Over more than four decades, Fred Eversley has produced a singular body of work that considers materials, light, and the optical qualities of shapes and colors as part of a broad investigation of individual perceptual experience. A Brooklyn native and engineer by training, Eversley moved to Los Angeles in 1963 to work in the aerospace industry; four years later, inspired by the burgeoning bohemian culture of Venice Beach, he decided to shift careers and become a sculptor. In his groundbreaking experiments with plastic in the late 1960s, he demonstrated how this modern, industrial material could be tinted with vibrant hues and cast into parabolic shapes using centrifugal force, creating transparent, multi-colored sculptures that serve as lenses through which to see.
In 1972 Eversley began to explore the qualities and beauty of the color black, embarking on a new series of opaque and translucent black sculptures that reflect the environment around them. Compelled by the power of these works, Eversley expanded his investigation of this achromatic palette, experimenting with white and gray tinting. This exhibition examines this series of black, white, and gray sculptures. The works have cosmological associations—“stars expanding their energy and becoming black holes, white dwarfs, and neutron stars,” Eversley explained at the time—but also prompt us to consider the symbolic values of color itself, even as identity-driven associations. With their complex optical properties and intimate, human scale, the works both challenge our perception of and create new perspectives on the world.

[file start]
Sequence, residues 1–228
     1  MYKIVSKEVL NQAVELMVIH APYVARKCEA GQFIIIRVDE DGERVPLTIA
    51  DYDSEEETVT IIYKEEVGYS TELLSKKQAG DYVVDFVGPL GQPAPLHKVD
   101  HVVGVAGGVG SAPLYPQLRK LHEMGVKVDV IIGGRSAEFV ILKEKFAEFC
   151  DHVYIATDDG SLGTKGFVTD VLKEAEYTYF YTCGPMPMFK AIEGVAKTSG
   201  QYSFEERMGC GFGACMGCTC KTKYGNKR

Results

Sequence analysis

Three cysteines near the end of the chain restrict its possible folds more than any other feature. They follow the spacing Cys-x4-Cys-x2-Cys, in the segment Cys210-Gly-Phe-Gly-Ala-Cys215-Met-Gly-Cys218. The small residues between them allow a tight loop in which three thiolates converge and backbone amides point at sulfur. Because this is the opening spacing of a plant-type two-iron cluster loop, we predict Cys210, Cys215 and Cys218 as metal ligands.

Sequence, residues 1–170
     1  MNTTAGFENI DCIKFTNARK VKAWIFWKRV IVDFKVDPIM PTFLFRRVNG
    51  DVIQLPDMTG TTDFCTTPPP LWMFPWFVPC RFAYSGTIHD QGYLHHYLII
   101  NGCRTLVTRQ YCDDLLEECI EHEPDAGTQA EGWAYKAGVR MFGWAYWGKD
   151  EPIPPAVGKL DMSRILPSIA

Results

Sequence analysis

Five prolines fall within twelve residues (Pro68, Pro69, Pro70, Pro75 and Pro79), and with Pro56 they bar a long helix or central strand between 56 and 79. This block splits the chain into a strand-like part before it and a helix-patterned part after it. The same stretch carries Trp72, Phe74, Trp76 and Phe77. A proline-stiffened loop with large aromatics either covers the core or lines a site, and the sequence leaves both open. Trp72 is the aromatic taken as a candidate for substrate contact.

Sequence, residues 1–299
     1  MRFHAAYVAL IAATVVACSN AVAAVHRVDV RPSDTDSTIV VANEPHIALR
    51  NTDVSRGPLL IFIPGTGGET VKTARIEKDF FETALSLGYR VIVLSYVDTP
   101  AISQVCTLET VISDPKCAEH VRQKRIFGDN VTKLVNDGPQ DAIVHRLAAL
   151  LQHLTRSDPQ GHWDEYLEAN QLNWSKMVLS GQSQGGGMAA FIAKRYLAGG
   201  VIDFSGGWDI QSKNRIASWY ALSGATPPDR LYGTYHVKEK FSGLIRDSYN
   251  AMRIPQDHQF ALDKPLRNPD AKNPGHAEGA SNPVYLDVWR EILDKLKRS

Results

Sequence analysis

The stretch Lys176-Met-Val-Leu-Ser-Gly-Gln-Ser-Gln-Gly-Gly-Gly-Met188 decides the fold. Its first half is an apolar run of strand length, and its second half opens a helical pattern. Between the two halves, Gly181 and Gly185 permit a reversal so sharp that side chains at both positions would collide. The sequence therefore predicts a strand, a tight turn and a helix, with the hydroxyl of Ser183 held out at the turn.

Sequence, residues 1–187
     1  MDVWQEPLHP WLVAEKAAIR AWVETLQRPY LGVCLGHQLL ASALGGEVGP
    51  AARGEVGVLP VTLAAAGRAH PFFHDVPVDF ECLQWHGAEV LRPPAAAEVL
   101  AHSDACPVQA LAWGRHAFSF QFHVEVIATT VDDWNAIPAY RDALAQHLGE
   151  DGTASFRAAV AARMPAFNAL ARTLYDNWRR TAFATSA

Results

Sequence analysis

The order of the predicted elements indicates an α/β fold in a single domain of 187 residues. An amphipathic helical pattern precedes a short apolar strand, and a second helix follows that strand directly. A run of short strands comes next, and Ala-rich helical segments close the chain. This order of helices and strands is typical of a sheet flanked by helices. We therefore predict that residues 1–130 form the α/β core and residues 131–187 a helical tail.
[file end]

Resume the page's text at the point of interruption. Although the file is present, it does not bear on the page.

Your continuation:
Credit: Exhibition overview from museum website